We will use the HAProxy Ingress Controller implementation available at jcmoraisjr/haproxy-ingress. It is a project to which HAProxy Technologies has contributed code that enables the Ingress Controller to take advantage of the HAProxy Runtime API. (Another useful HAProxy Ingress Controller implementation that you could look into would be appscode/voyager.)

Runtime API in Kubernetes Controller

Starting off with one of the examples provided in the Ingress Controllers documentation, we will deploy and enable two HTTP services with one of them serving as a default fallback.

This could be done by preparing files ingress-default-deployment.yaml and http-svc-deployment.yaml as follows:

ingress-default-deployment.yaml:

apiVersion: extensions/v1beta1
kind: Deployment
metadata:
  labels:
    run: ingress-default-backend
  name: ingress-default-backend
spec:
  replicas: 1
  selector:
    matchLabels:
      run: ingress-default-backend
  template:
    metadata:
      labels:
        run: ingress-default-backend
    spec:
      containers:
        - name: ingress-default-backend
          image: gcr.io/google_containers/defaultbackend:1.0
          ports:
          - containerPort: 8080

---
apiVersion: v1
kind: Service
metadata:
  labels:
    run: ingress-default-backend
  name: ingress-default-backend
  namespace: default
spec:
  ports:
  - name: port-1
    port: 8080
    protocol: TCP
    targetPort: 8080
  selector:
    run: ingress-default-backend

 

http-svc-deployment.yaml:

apiVersion: extensions/v1beta1
kind: Deployment
metadata:
  labels:
    run: http-svc
  name: http-svc
spec:
  replicas: 2
  selector:
    matchLabels:
      run: http-svc
  template:
    metadata:
      labels:
        run: http-svc
    spec:
      containers:
        - name: http-svc
          image: gcr.io/google_containers/echoserver:1.3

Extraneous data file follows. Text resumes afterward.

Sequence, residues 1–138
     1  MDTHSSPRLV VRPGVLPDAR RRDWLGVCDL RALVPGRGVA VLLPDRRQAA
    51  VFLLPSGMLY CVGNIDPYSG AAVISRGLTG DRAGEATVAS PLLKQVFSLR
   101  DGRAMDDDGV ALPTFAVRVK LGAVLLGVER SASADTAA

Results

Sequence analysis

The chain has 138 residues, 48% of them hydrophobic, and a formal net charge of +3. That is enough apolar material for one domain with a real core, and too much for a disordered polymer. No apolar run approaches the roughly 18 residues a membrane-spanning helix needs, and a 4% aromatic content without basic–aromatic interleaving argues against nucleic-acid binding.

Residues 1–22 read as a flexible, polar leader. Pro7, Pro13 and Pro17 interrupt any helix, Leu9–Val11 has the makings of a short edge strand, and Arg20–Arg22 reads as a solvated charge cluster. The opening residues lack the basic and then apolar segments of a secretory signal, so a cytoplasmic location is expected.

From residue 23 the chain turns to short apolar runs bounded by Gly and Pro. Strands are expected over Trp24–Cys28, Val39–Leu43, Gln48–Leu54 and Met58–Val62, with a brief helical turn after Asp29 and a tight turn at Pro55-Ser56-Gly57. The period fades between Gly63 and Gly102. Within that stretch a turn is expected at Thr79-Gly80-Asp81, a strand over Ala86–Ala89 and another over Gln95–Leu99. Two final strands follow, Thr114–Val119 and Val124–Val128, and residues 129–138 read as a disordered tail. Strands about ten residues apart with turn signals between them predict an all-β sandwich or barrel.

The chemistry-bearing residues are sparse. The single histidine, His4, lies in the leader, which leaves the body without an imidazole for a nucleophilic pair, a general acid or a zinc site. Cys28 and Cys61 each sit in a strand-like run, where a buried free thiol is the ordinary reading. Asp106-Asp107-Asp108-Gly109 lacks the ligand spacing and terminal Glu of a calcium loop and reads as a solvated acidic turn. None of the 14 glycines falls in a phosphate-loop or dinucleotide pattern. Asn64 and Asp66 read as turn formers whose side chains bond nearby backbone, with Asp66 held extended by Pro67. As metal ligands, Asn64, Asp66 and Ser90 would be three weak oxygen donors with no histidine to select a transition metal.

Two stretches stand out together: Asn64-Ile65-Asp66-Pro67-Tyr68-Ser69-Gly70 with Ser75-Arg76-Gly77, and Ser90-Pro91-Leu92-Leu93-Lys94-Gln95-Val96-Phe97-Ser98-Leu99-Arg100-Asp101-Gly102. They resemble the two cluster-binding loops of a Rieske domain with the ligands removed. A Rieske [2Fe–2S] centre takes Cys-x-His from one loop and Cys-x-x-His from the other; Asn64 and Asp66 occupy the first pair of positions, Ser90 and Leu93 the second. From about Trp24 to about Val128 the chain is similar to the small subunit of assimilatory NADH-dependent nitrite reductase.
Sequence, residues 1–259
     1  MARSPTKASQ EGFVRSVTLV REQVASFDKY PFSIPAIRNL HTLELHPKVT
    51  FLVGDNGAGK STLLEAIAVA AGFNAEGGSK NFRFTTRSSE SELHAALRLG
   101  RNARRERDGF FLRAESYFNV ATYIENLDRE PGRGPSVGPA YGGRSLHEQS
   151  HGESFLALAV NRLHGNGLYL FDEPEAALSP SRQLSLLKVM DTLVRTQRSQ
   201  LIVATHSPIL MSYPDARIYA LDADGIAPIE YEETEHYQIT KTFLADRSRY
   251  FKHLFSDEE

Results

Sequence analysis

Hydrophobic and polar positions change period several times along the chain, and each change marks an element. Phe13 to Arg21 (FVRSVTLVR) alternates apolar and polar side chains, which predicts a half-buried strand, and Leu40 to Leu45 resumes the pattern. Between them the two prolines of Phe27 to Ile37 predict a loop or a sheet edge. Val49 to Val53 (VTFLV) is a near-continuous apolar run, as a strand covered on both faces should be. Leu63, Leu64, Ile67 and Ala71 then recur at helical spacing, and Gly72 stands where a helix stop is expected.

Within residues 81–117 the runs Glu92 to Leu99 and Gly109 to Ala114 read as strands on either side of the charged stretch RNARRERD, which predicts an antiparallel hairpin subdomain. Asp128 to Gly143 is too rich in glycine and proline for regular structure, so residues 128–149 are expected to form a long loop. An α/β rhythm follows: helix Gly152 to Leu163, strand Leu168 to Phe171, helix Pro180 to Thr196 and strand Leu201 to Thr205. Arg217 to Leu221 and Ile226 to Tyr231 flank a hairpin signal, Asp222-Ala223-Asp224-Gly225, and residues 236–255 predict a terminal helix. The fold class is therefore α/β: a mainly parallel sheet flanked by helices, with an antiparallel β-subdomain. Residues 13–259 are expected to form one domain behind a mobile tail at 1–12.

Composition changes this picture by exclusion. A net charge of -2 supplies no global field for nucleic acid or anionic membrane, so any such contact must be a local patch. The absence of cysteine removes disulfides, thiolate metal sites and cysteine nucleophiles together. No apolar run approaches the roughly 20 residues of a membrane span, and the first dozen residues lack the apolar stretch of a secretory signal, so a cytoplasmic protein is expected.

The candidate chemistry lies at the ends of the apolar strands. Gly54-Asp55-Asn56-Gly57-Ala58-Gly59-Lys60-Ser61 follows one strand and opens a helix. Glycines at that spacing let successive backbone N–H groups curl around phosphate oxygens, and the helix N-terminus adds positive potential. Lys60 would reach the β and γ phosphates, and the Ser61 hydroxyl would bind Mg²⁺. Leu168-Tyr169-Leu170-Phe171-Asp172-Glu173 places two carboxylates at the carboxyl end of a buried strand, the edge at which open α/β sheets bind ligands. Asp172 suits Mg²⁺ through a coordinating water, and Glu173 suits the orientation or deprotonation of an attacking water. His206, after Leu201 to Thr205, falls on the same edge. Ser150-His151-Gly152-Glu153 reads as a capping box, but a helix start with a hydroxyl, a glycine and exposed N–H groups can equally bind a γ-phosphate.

ports:
          - containerPort: 8080

---
apiVersion: v1
kind: Service
metadata:
  labels:
    run: http-svc
  name: http-svc
  namespace: default
spec:
  ports:
    - name: port-1
      port: 8080
      protocol: TCP
      targetPort: 8080
  selector:
    run: http-svc

 

And applying the configuration:

$ kubectl apply -f ingress-default-deployment.yaml
deployment "ingress-default-backend" created
service "ingress-default-backend" created

$ kubectl apply -f http-svc-deployment.yaml
deployment "http-svc" created
service "http-svc" created

 

As a next step, we will set up the Ingress rules for L7 routing with the URL “/app” for hostnames, hostname “foo.bar” routed to the pods running the app “http-svc”, and all other URLs routed to pods running the app “ingress-default-backend”.

This could be done by preparing file http-svc-ingress.yaml as follows:

http-svc-ingress.yaml:

apiVersion: extensions/v1beta1
kind: Ingress
metadata:
  name: app
spec:
  rules:
  - host: foo.bar
    http:
      paths:
      - path: /app
        backend:
          serviceName: http-svc
          servicePort: 8080
      - path: /
        backend:
          serviceName: ingress-default-backend
          servicePort: 8080

 

And applying the configuration:

$ kubectl apply -f http-svc-ingress.yaml
ingress "app" created

 

Before we start the HAProxy Ingress Controller service, we need to tune its configuration slightly to enable the option “dynamic-scaling” and to set “backend-server-slots-increment” to “4” in this example: